“What is the point in being afraid?” (Desmond Hume, LOST)
Fear takes my life and yours; it keeps us from fully experiencing the moment we are in and transports us into the past or future.
In my guitar case is a small scrap of paper with a quote from the TV series, LOST; I have posted it above. It is there so that when fear tries to possess me before a performance I can ask myself the question, “What is the point in being afraid?” Or to emphasize it differently, “What is the point in being afraid?”
Fear is a defensive mechanism, an attempt to protect us from something. But if it is allowed to rule our hearts it will do so gladly – to our demise.
A friend of mine named Jim used to employ “self talk” each morning as he prepared for his day. One phrase he would say caught my attention years ago:
“I am safest when I am not protecting myself.”
I had to think about that one for a while. But I think it is true. When I am in protection mode I am on the defense, looking this way and that, behind and before, scanning the horizon for incoming missiles. The trouble with the protection mode is it distracts us from living and enjoying the present moments of our lives. And instead of keeping us safe, it endangers us (and others). It makes us overly cautious; we miss the proverbial “forest for the trees.”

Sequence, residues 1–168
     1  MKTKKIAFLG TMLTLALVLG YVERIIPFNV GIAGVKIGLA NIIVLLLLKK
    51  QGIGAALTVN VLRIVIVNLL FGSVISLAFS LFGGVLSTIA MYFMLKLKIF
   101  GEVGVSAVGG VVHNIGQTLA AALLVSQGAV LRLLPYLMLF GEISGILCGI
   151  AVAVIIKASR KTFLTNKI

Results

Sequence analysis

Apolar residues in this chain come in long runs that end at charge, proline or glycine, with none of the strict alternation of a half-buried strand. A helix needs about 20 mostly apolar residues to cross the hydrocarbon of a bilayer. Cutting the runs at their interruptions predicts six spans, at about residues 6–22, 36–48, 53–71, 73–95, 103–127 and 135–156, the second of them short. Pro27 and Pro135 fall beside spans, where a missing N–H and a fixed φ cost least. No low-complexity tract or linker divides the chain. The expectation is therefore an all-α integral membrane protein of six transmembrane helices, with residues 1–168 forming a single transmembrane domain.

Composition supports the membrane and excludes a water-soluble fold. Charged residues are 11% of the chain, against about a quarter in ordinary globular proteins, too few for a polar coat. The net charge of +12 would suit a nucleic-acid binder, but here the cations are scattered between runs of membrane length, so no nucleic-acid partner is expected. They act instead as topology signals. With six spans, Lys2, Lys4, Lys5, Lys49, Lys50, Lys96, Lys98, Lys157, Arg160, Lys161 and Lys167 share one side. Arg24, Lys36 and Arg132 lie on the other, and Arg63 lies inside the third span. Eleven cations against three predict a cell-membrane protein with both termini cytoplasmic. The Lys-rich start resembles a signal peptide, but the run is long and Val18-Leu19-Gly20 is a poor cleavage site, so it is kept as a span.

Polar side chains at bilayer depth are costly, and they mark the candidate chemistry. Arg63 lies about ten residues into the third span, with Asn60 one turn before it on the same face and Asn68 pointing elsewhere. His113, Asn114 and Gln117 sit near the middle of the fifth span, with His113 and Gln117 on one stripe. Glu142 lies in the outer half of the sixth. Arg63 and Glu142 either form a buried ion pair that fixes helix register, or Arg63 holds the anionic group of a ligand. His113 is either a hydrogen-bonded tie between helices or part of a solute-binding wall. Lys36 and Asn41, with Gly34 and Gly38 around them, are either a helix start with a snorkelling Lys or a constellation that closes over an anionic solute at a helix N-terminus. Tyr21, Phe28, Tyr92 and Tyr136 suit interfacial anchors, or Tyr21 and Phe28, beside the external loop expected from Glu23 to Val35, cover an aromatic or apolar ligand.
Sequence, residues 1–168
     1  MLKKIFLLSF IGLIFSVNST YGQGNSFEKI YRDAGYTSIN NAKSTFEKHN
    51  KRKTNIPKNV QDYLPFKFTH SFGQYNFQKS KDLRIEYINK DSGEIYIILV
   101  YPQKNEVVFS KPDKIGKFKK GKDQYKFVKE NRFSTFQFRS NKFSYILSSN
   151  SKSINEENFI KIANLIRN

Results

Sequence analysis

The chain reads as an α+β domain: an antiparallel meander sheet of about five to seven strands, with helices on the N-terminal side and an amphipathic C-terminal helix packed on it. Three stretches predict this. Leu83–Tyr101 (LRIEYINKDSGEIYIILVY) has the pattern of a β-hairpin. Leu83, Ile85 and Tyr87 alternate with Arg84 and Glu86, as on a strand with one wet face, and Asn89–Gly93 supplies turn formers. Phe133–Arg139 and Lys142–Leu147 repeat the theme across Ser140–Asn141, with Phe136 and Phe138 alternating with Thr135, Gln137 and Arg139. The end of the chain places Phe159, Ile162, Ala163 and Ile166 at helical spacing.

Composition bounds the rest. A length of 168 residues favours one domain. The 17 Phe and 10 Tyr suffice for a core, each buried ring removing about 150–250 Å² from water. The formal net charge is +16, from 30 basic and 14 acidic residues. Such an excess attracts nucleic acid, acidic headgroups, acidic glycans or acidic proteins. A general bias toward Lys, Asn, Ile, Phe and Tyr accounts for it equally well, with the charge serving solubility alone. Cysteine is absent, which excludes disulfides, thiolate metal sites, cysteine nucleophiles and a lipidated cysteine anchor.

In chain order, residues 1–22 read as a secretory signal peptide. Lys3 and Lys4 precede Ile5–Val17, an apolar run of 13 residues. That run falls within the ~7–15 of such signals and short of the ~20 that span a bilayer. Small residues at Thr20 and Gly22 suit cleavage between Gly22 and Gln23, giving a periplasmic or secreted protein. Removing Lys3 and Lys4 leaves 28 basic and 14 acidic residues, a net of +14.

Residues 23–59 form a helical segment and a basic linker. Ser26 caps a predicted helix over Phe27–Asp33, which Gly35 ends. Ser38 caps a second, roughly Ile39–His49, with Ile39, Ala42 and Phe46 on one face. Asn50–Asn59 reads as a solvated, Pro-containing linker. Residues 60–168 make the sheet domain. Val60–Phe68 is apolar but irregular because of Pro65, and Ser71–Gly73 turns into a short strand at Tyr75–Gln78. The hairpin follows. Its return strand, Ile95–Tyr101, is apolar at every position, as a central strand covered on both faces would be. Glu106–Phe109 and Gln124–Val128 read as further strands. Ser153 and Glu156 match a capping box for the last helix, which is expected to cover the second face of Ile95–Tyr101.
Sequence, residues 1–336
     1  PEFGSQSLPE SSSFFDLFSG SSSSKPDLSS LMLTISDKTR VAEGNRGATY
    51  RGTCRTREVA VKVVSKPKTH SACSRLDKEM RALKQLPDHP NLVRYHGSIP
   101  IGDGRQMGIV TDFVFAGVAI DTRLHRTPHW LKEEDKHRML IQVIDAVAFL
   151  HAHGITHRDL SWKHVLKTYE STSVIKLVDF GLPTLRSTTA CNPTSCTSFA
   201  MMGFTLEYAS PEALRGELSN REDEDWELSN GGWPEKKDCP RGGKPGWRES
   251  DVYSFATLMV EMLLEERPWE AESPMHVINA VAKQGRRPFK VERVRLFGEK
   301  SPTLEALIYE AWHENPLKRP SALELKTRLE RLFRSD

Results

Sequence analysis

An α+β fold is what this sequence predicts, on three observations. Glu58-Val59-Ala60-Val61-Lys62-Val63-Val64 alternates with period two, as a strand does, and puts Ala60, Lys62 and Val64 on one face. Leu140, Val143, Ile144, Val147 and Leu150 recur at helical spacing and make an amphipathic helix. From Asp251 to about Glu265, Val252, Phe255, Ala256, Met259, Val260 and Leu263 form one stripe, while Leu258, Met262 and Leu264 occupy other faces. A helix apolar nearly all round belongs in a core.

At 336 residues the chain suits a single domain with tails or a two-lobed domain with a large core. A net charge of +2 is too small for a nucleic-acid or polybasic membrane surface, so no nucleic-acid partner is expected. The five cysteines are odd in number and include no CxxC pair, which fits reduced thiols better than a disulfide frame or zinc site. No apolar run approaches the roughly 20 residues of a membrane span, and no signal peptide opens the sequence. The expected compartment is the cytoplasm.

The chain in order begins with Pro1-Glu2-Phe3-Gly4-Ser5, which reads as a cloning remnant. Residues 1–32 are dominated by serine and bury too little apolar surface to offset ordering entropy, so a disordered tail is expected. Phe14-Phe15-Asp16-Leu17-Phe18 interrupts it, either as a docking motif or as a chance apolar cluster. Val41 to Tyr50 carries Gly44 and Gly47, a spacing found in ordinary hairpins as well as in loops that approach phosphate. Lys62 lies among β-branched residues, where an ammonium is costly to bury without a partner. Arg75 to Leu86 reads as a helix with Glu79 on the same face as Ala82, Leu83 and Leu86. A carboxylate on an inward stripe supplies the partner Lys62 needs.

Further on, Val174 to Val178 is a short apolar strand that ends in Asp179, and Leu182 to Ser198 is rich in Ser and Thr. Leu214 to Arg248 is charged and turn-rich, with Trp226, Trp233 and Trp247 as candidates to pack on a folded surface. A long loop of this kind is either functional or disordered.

And so I ask you, “What is the point in being afraid?” Will fear affect the outcome of your situation in a positive way? In some truly dangerous situations I think you could argue that it might, indeed. But in most situations it is nothing more than a waste of energy, and at the worst it can destroy true joy.
As Mark Twain said, “I have had many troubles in my life. But . . . most of them never happened.”
Do you tend to assume that things are probably not going to turn out well for you; or do you find yourself assuming (in most situations) that things will likely turn out just fine? It’s more than just a mental game, you know.
It’s more than just wishful thinking.
Your emotional demeanor, your psychological stance, will determine to a great degree what the outcome will be.
So . . . put your hands down (there’s no need to prepare for a boxing match). Let go of that tension that resides in your neck, your back, your stomach. And . . . breathe. If danger truly presents itself you can act on it. There will be time. Much more time, in fact, than if you are crouched, waiting to pounce on an imaginary villain.